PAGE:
MPS battle to harmonise information laws
Cape Town - MPs are expected to spend the coming weeks trying to harmonise the contentious protection of information bill with liberal post-apartheid laws that guarantee access to information.
This emerged as state law advisors on Friday briefed Parliament's ad hoc committee redrafting the bill on juggling the requirements of the Protection of Access to Information Act (PAIA) with the new legislation, widely criticised as an attempt to enshrine a culture of state secrecy.
State law advisor Carin Booyse said the issue was whether there was a hierarchy of legislation, and which law would hold sway where they clashed.
There is a presumption in South African law, she said, that the bill, being the most recent legislation, would trump PAIA if the two were seen to be in conflict.
However, it must be remembered that there was also a provision that Parliament cannot "legislate willy-nilly", meaning that legislation it drafted "must make sense".
The issue was seized upon by opposition MPs who have, along with rights activists, insisted that the bill must be redrafted to be compatible with PAIA's provisions. The Inkatha Freedom Party's Mario Oriani-Ambrosini argued that to remove any confusion, "the bill must be made subject to PAIA in case of any inconsistency".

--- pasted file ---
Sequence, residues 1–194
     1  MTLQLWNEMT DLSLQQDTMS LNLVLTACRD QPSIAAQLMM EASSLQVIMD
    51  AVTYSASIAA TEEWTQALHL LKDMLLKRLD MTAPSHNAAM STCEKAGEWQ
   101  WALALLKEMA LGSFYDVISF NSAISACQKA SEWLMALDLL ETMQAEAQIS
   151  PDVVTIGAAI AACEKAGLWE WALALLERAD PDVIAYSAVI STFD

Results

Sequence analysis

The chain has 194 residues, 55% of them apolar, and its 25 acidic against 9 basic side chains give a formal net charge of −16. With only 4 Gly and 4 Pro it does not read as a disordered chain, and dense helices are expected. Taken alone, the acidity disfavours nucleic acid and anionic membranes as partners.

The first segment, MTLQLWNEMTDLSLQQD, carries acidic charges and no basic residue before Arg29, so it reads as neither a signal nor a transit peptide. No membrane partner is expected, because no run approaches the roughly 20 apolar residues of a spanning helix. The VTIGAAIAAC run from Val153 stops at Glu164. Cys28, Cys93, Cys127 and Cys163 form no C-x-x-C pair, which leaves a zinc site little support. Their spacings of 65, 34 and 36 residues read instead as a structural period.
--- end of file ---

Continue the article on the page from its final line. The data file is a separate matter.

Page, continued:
The African Christian Democratic Party's Steve Swart said PAIA enjoyed pre-eminence as "a constitutionally mandated piece of legislation" and that MPs therefore needed to respect the very specific provision it makes for releasing information in the public interest.
This has been a tender point in arguments on the bill, as the ANC has refused to write a so-called public interest defence into the protection of information bill to protect journalists who disclose classified information.
Dene Smuts from the Democratic Alliance said it was explicitly clear that "this law which gives effect to the right to access to information applies to the exclusion of any other law that tries to restrict disclosure of records and any other law that is materially inconsistent with an object of this act.
"It is our duty therefore to write a law that can sit alongside PAIA."
ANC committee chairperson Cecil Burgess said there was a misguided view that MPs did not have the right to write laws that would override PAIA, or to change it outright.
Booyse said the state law advisor's office would go through the bill in detail to identify any areas on conflict with PAIA. She said the aim was to seek to harmonise the legislation.
Burgess on Friday confirmed that he had asked the legislature to extend the lifetime of the committee for a third time, which would enable it to carry on its work next year.
Following a national outcry over the far-ranging powers the original version of the bill gave the state to keep information under wraps, the ANC has back-tracked on two provisions.
With State Security Minister Siyabonga Cwele's blessing, MPs have now removed the vague notion of national interest as a cause for classification, as well as provision for the classification of commercial information.
The latter was criticised as a recipe for covering up fraud.
The committee met while Cwele was meeting with representatives of the South African National Editors' Forum to discuss concerns about the impact of the bill on media freedom.